The simple recitation of these factors should end the matter. The appellants are members of the Burns class and are bound by the terms of the settlement because notice to the class was reasonable. Nevertheless, the appellants submit that, at this late date, they can begin anew and commence a class action, making the same allegations as those made in the original action. In their view, the following analysis supports that conclusion. First, they note that the limitations period was tolled from the filing of the class action in the original Burns litigation. See Crown Cork & Seal Co. v. Parker, 462 U.S. 345, 103 S. Ct. 2392, 76 L. Ed. 2d 628 (1983); American Pipe and Constr. v. Utah, 414 U.S. 538, 94 S. Ct. 756, 38 L. Ed. 2d 713 (1974). Because they never received actual notice of the suit or its settlement, the limitations period continued to be tolled. This court's determination that they "are too late to participate in the settlement pie," Appellant's Br. at 12, does not, they contend, bar their bringing a new action. In support of this conclusion, they rely upon the following passage from this court's earlier opinion holding that the methodology for notifying the class was reasonable:
Petitioners finally argue that denial of their claims violates their due process rights. Due process requires that class members generally must receive notice of the terms of settlement. See Eisen, supra, 417 U.S. at 173-77, 94 S. Ct. at 2150-52; Simer v. Rios, 661 F.2d 655, 666-67 (7th Cir. 1981); Johnson v. General Motors Corp., 598 F.2d 432, 436-38 (5th Cir. 1979). Absent such notice, courts have held that the entry of judgment in a (b) (2)-type class action does not bar an unnotified class member from seeking damages in a later suit arising out of the same injuries complained of in the original class action. See Crowder v. Lash, 687 F.2d 996, 1008-09 (7th Cir. 1982) (dictum); Johnson, supra. Cf. Cotton v. Hutto, 577 F.2d 453, 454 (8th Cir. 1978); Jones-Bey v. Caso, 535 F.2d 1360, 1361-62 (2d Cir. 1976). But petitioners do not seek to file a new action; rather, they belatedly want to share in the settlement pie. Due process does not require this under the circumstances of this case.
Burns, 757 F.2d at 156 (footnote omitted).
In our view, the appellants make this passage, clearly dicta in the court's overall discussion, bear far more weight than it was ever meant to carry. Class actions under Fed. R. Civ. P. 23(b) (2), such as Burns, are primarily designed for injunctive and declaratory relief and, when employed in this fashion, do not require notice nor an opportunity to opt out of the class.3 However, when monetary damages are sought in a (b) (2) class action, "due process does require notice before the individual monetary claims of absent class members may be barred." Johnson v. General Motors Corp., 598 F.2d 432, 433 (5th Cir. 1979). While the notice must be adequate, it is not necessary that each member of the class actually receive that notice. " [A]n absent class member will be bound by any judgment that is entered if appropriate notice is given, even though that individual never actually received notice." 7B C. Wright, A. Miller & M. Kane, Federal Practice and Procedure Sec. 1789, at 253 (2d ed. 1986).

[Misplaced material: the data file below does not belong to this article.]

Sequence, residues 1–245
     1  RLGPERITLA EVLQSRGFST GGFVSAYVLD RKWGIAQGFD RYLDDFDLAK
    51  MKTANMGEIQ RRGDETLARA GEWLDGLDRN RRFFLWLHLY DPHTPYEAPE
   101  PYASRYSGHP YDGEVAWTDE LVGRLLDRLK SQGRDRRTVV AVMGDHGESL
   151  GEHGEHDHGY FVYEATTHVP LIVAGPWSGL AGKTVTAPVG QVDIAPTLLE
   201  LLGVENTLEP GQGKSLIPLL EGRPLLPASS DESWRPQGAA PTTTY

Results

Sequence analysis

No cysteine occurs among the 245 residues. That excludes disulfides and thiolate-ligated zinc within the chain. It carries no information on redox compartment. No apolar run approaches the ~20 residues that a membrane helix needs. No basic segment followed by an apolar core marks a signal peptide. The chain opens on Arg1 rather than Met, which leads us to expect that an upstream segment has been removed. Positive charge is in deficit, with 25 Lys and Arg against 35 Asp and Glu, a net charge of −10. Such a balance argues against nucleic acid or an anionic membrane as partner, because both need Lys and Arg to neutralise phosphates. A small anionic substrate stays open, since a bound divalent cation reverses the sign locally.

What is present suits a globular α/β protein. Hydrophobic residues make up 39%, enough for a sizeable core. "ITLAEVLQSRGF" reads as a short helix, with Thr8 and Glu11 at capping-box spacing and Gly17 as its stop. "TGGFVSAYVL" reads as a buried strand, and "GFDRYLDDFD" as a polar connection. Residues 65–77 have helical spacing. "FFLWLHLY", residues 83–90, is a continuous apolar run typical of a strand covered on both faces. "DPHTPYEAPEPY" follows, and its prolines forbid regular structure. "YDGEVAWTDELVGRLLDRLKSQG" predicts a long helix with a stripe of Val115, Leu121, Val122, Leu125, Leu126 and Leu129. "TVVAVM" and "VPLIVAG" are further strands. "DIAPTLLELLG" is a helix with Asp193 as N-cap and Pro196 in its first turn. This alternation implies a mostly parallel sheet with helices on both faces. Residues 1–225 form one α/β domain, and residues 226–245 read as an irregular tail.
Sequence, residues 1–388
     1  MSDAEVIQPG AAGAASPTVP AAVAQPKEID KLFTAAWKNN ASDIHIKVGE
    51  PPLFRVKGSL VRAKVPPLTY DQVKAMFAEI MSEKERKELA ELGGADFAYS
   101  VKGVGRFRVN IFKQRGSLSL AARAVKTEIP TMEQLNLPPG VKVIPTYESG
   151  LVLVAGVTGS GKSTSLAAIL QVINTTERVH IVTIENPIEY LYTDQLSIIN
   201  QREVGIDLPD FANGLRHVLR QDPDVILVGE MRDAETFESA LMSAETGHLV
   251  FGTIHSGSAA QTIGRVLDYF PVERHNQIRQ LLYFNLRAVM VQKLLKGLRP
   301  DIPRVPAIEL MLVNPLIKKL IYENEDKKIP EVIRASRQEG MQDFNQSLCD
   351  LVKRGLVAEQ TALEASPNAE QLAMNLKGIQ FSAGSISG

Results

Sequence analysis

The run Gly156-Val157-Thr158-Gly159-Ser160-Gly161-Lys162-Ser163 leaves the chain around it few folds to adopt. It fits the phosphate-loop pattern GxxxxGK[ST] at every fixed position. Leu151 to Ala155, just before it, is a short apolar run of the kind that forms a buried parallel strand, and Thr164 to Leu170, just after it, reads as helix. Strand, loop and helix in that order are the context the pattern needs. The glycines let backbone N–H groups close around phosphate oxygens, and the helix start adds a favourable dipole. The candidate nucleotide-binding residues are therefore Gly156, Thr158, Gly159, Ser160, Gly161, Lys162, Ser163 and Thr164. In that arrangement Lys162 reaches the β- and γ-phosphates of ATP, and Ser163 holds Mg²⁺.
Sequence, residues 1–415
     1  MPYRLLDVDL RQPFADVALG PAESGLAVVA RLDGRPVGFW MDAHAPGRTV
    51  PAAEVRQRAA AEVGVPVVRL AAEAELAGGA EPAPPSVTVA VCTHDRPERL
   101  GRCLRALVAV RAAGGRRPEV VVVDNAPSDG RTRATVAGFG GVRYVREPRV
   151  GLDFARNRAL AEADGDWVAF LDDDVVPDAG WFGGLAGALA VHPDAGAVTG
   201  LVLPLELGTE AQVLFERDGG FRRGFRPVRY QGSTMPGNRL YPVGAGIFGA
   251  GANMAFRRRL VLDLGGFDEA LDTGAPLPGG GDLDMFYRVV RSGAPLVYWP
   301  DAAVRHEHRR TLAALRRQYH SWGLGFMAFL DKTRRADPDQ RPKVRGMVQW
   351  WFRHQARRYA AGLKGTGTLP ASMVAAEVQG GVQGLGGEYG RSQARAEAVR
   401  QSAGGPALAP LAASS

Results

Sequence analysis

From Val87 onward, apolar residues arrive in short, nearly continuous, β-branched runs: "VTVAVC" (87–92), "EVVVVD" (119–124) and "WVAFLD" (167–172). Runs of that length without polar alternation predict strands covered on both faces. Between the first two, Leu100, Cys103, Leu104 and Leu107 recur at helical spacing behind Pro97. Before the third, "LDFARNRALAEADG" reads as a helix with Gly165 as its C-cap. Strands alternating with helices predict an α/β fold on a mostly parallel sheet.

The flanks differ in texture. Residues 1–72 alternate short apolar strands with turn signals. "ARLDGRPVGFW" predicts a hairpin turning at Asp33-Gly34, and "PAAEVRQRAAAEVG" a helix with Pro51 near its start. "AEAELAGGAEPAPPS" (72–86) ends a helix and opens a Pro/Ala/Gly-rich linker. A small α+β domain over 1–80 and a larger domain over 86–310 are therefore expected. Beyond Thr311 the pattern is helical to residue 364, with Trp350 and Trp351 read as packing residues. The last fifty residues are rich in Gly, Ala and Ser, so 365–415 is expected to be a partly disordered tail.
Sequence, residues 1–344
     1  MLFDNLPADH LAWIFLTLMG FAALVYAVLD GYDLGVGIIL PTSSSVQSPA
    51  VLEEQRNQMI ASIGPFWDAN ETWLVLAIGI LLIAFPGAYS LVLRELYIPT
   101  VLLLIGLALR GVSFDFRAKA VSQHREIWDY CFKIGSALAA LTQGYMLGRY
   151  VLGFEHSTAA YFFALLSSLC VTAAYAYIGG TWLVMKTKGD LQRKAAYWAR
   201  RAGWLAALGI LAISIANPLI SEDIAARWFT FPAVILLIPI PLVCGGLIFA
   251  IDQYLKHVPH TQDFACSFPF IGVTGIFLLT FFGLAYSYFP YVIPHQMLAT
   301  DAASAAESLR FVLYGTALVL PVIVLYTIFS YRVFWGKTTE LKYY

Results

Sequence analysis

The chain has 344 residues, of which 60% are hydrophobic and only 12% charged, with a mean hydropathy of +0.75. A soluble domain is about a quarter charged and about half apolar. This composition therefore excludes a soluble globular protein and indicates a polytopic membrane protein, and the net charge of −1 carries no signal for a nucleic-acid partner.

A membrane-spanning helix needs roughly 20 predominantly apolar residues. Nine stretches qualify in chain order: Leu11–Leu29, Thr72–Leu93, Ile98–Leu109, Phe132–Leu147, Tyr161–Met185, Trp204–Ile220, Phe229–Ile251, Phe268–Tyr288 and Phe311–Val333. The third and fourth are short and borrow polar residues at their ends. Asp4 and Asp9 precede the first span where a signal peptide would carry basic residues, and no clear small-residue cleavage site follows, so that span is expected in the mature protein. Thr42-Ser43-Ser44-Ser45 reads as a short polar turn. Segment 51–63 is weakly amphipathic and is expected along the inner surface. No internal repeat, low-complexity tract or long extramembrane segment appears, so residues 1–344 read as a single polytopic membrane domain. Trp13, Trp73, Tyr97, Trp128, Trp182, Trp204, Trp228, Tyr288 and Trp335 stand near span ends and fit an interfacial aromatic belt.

Here, as the district court pointed out, "individual monetary recovery was both sought and obtained in the original action." Mem. op. at 7. Moreover, as this court determined in the earlier appeal, notice comporting with due process was given to members of the class. Burns, 757 F.2d at 156. We cannot reopen that determination at this point. Accordingly, under the circumstances of this case, the appellants cannot, at this late date, commence another action.
Because we conclude that the principle of res judicata bars the appellants from filing their class action suit, we affirm the judgment of the district court.
This court described the notice that was provided as follows:
Defendants identified prospective class members by comparing a list of employees who had worked for the Sheriff's Office in December, 1970 with a similar list for December, 1972. The parties considered any employee whose name appeared on the first list, but not the second, a prospective class member. This procedure generated approximately 700 names and addresses. The addresses, obtained from old payroll sheets, were over ten years old. Because of the likelihood that many class members had changed their addresses during the ten-year pendency of the case, the order also required the parties to immediately ascertain any later known address, if any, of each prospective class member who failed to receive the notice when mailed on or before April 27, 1981. By May 14, 1981, the defendants shall cause a second mailing to be made of the notice to each prospective class member who failed to receive the first mailing (on or before April 27, 1981) and for whom a later known address has been ascertained.
Moreover, defendants had to place two extensively detailed display-type advertisements containing information about the proposed settlement in each of the two Chicago daily newspapers. A June 5, 1981 deadline was imposed for filing claim applications.
The first wave of individual notices was mailed and the advertisements were placed in the newspapers. The post office returned over 500 of the 700 mailings as undeliverable, primarily because of incorrect addresses. Defendants failed to take any steps to update the addresses or otherwise locate the 500 prospective class members. Plaintiffs, through their counsel, attempted to contact these prospective class members through a search of Chicago-area telephone directories. Their efforts located 37 prospective class members, 30 of whom expressed an interest in filing claim applications.
Burns v. Elrod, 757 F.2d 151, 152-53 (7th Cir. 1985) (footnote omitted).
The doctrine of res judicata "is designed to prevent parties from relitigating issues that have already been decided." United States Secretary of Labor v. Cerro Copper Prod. Co., 795 F.2d 25, 26 (7th Cir. 1986) (per curiam). Res judicata applies when there is "(1) a final judgment on the merits in an earlier action; (2) an identity of the cause of action in both the earlier and the later suit; and (3) an identity of parties or their privies in the two suits." Spiegel v. Continental Ill. Nat'l Bank, 790 F.2d 638, 645 (7th Cir.), cert. denied, --- U.S. ----, 107 S. Ct. 579, 93 L. Ed. 2d 582 (1986)
By contrast, a class action brought under Fed. R. Civ. P. 23(b) (3) requires mandatory notice and an opportunity to opt out of the class. See 3B J. Moore & J. Kennedy, Moore's Federal Practice p 23.40, at 23-277 (2d ed. 1987)